Creating the Tesla GPU compute platform has taken Nvidia the better part of a decade and a half, and it has culminated in a software stack comprised of various HPC and AI frameworks, the CUDA parallel programming environment, compilers from Nvidia’s PGI division and their OpenACC extensions as well as open source GCC compilers, and various other tools that together account for tens of millions of lines of code and tens of thousands of individual APIs. This GPU compute software stack is as complex as an operating system – and now it is coming to Arm.
With this move, Nvidia will make Arm processors a peer to the X86 processors that were originally used as hosts for its GPU compute stack and to the Power processors that were added later in the game as Nvidia teamed with IBM and Mellanox Technologies, which is in the process of being acquired by Nvidia for $6.9 billion, to take down a few pre-exascale system deals with the US Department of Energy. Technically, IBM was the prime contractor for the “Summit” and “Sierra” supercomputers, but the vast majority of the compute is being done by the Tesla V100 accelerators, not IBM’s Power9 processors, which by the way have very respectable floating point performance for a CPU.
Arm has been gaining traction in a number of HPC centers around the world, so a move by Nvidia to embrace this processor architecture as a peer to X86 and Power is not a surprise, and neither is the timing for a number of reasons. Notably, the Post-K “Fugaku” exascale system at the RIKEN center in Japan, due in 2021, is based on a custom 48-core Arm processor, called the A64FX, that will sport the 512-bit Scalable Vector Extensions (SVE) that Japanese server maker Fujitsu and Arm Holdings created together. Hewlett Packard Enterprise has already built the “Astra” system at Sandia National Laboratories in the United States, which is based on Marvell’s 28-core “Vulcan” ThunderX2 processors, which does not support such massive vector processing capability. This is the one Arm-based supercomputer on the June 2019 Top500 list, with 138,096 cores that deliver 2.21 petaflops of peak theoretical performance and 1.76 petaflops of sustained performance without the help of any type of accelerator. The “Isambard” system being built by Cray – which is in the process of being acquired by HPE for $1.3 billion – for the University of Bristol in the United Kingdom, has over 10,000 cores based on the ThunderX2 processors linked by Cray’s “Aries” XC interconnect.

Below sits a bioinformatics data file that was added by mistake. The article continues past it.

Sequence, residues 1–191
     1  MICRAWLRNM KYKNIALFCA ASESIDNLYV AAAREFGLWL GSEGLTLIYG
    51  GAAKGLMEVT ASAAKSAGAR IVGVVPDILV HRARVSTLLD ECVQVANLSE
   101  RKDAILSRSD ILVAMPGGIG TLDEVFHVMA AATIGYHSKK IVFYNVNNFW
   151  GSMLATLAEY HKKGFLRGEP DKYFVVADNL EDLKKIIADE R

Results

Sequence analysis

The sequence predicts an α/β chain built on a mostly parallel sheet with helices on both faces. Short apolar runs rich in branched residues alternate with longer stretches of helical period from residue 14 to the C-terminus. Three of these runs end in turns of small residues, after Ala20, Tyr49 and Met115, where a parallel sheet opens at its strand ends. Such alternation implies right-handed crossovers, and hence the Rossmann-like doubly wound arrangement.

The funny thing about those three machines, which are at the vanguard of Arm in HPC, is that they do not have GPU acceleration. Nvidia wants to fix that, particularly with AMD getting credible Epyc CPUs and Radeon Instinct GPU accelerators out the door this year, and especially with Cray and AMD winning the “Frontier” CORAL-2 bid at Oak Ridge National Laboratory, which will be for a 1.5 exaflops system to be installed in late 2021 and operational in 2022. The Frontier system will be based on custom CPUs and GPUs from AMD linked by Cray’s “Slingshot” interconnect. Moreover, Intel is prepping its Xe discrete GPUs to be paired with future Xeon CPUs in the “Aurora” exascale system at Argonne National Laboratory, which is scheduled for delivery in 2021 if all goes well. The European exascale effort will include an Arm processor, as we recently reported, but it will be using a custom vector engine based on the RISC-V instruction set as well as a custom FPGA. There are no GPUs in this system because there are no European makers of GPUs. Nvidia did not get into these three big deals, although it did get a piece of the “Perlmutter” pre-exascale NERSC-9 system at Lawrence Berkeley National Laboratory, which pairs a future AMD Epyc processor with a future Nvidia Tesla GPU accelerator.
IBM has done all that it can to help push the idea of accelerated computing, including adding NVLink ports to its Power8’ and Power9 processors to bring memory coherency across the CPU-GPU complex, and that has helped Nvidia to a certain degree in the upper echelons of HPC. But there is no way that Intel or AMD are ever going to add NVLink ports to their processors, and that creates something of a problem for Nvidia, which knows this because it uses Xeon processors inside of its DGX-1 and DGX-2 supercomputer nodes. That leaves Arm, which is an architecture that, as it turns out, Nvidia knows really well.